see whatever…

jump to menu

October 14, 2007

Deprecation decorator

Filed under: CSS,cssutils,Python — see @ 12:55 pm

I was looking for a simple way to “deprecate” methods (in cssutils). For now I use warnings directly but thought a decorator would be easier and clearer (I never really used decorators yet). A bit of googling gave two different options, a simple decorator function which is part of the DecoratorLibrary which is sufficient for most tasks I guess. But I was looking for a deprecation decorator which can handle an individual message which contains information about how to avoid the deprecated method. I found this parameterized decorator example and customized it for my needs:

class Deprecated(object):
    """This is a decorator which can be used to mark functions
    as deprecated. It will result in a warning being emitted
    when the function is used.

    It accepts a single paramter ``msg`` which is shown with the warning.
    It should contain information which function or method to use instead.
    """
    def __init__(self, msg):
        self.msg = msg

    def __call__(self, func):
        def newFunc(*args, **kwargs):
            import warnings
            warnings.warn("Call to deprecated method %r. %s" %
                            (func.__name__, self.msg),
                            category=DeprecationWarning,
                            stacklevel=2)
            return func(*args, **kwargs)
        newFunc.__name__ = func.__name__
        newFunc.__doc__ = func.__doc__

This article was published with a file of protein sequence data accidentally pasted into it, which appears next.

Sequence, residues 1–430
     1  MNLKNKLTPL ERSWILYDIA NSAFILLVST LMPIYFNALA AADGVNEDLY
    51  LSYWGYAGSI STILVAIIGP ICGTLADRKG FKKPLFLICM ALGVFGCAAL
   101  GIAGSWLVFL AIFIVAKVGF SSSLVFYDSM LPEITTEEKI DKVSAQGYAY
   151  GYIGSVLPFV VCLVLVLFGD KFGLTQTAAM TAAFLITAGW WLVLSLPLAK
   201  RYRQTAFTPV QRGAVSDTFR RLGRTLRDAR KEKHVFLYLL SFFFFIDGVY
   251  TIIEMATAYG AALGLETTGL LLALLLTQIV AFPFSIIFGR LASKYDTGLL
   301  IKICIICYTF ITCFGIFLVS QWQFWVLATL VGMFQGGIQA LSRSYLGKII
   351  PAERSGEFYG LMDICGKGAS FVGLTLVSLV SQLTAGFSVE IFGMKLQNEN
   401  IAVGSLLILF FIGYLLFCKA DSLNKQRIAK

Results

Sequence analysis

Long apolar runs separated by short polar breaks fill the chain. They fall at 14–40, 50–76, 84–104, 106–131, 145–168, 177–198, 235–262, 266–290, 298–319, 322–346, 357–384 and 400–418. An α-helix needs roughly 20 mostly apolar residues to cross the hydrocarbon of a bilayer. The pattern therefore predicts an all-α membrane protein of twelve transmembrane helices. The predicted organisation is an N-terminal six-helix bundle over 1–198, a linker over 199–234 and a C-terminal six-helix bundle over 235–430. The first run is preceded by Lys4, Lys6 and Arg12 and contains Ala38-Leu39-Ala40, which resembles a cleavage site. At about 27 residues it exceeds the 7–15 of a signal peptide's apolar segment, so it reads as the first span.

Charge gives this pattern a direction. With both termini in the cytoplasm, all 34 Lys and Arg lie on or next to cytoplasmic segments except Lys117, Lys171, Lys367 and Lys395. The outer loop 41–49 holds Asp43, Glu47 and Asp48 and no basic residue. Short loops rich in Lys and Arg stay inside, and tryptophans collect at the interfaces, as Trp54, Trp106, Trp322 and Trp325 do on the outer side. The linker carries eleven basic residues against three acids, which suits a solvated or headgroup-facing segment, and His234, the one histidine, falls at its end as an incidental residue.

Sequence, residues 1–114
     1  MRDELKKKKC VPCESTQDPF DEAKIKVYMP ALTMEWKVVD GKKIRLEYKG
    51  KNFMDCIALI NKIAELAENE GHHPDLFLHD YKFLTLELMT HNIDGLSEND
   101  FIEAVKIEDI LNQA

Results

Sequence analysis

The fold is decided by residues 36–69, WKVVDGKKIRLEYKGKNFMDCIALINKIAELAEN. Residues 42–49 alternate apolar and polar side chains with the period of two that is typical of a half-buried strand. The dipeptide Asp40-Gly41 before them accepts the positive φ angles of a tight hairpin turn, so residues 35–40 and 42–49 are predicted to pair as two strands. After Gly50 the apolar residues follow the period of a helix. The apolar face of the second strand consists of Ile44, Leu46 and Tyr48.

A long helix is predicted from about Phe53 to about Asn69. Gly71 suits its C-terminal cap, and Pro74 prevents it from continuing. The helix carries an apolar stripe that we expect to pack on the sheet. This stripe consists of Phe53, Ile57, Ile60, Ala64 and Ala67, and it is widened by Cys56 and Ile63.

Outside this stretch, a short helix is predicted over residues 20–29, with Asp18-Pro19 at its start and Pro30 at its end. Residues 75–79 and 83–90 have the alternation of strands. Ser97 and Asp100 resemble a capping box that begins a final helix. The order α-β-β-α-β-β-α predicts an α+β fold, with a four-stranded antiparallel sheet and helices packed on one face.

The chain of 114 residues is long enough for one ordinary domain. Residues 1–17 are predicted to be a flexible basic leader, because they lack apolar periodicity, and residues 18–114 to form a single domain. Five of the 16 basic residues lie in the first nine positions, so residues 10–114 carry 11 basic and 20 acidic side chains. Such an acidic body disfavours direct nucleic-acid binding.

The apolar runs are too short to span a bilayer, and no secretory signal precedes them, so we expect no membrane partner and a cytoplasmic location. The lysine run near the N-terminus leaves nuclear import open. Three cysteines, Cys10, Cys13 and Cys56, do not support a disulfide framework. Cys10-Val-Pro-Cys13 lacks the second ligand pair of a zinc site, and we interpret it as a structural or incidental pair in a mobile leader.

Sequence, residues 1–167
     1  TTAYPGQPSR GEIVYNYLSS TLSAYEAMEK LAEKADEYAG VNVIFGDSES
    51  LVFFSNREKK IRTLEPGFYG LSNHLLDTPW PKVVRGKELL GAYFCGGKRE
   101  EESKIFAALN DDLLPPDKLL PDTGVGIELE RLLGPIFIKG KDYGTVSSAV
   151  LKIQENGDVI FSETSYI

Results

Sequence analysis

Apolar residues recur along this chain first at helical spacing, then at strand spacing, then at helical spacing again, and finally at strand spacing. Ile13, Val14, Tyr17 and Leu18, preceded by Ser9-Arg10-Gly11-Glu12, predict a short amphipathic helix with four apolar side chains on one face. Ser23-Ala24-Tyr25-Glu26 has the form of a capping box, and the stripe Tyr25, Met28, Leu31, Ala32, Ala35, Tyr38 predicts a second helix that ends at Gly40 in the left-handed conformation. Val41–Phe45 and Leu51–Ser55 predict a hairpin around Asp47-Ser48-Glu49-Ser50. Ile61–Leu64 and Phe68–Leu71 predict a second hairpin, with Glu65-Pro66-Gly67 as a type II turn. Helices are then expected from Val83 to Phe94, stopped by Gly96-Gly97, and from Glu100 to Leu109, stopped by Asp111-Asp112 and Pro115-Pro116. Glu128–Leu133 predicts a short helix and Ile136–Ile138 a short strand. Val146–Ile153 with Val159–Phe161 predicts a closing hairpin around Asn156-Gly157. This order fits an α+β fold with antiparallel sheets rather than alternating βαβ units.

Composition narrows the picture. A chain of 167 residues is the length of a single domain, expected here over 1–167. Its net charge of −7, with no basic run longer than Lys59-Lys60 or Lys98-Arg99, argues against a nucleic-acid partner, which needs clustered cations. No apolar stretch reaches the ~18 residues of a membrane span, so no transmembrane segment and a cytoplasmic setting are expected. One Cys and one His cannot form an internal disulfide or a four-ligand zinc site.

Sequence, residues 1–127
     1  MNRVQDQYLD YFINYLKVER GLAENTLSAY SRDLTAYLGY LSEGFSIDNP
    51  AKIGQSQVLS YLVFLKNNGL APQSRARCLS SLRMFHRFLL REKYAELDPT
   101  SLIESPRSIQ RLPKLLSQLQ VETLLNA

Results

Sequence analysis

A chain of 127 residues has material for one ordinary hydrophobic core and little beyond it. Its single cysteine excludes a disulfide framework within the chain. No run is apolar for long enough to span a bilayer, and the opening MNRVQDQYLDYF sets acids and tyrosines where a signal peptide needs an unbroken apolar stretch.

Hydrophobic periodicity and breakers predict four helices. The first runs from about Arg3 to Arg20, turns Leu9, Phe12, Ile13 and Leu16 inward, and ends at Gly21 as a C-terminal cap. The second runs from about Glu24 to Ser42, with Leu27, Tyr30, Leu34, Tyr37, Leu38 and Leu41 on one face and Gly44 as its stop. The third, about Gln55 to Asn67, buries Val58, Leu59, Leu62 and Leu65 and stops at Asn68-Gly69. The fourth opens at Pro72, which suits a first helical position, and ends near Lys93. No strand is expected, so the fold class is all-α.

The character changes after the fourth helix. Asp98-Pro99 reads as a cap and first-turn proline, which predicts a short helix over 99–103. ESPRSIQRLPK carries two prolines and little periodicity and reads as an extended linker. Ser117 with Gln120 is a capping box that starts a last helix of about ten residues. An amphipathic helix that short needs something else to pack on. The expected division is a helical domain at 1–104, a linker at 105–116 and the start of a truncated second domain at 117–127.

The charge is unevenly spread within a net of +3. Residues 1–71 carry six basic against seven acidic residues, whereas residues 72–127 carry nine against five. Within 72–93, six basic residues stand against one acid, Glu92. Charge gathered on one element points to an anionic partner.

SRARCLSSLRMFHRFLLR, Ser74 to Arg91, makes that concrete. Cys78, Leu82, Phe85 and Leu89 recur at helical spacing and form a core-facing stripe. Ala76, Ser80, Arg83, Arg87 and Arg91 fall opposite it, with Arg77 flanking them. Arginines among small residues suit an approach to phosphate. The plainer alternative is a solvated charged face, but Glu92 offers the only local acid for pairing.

newFunc.__dict__.update(func.__dict__)
        return newFunc

So it is actually a mixture of both decorator options. A simple class using the decorator may be:

class Calc(object):
    """a simple test calculator

    >>> c = Calc()
    >>> c.add(1, 2)
    3
    >>> c.plus(1, 2) # BTW, is it possible to catch warnings with doctest?
    3
    """

    def add(self, x, y):
        "adds x and y"
        return x+y

    @Deprecated('Use Calc.add() instead.')
    def plus(self, x, y):
        "adds x and y"
        return self.add(x,y)

When used gives the following output

c = Calc()
print c.plus(1,2)
calc.py:75: DeprecationWarning: Call to deprecated method
 'plus'. Use Calc.add() instead.
  print c.plus(1,2)
3

I think this is quite useful and I guess I’ll use this in cssutils. There certainly is something similar out there but it was quite interesting to look a bit into decorators at all.

UPDATE: Please see the comment by Matt (decorator module).

2 Comments »

  1. Very nice, but I’ve got one tiny objection. This decorator changes the signature of the decorated function. You might consider using the decorator module to avoid that. Then you could do something like:


    import warnings
    from decorator import decorator
    def deprecated(msg):
    def _d(f, *args, **kwargs):
    warnings.warn(msg)
    return f(*args, **kwargs)
    return decorator(_d)

    Comment by Matt Wilson — January 20, 2009 @ 9:25 pm

  2. @Matt: True, thanks for the hint.

    In this case not that important I guess as the functions decorated actually should not be used as they are deprecated and so the signature and the whole function will completely “change” (meaning: will be removed in the future) anyway ;)

    Also I did not wanted to add another dependency.

    But generally the decorator module surely is very helpful.

    Comment by admin — February 11, 2009 @ 12:12 pm

RSS feed for comments on this post. TrackBack URL

Leave a comment

Powered by WordPress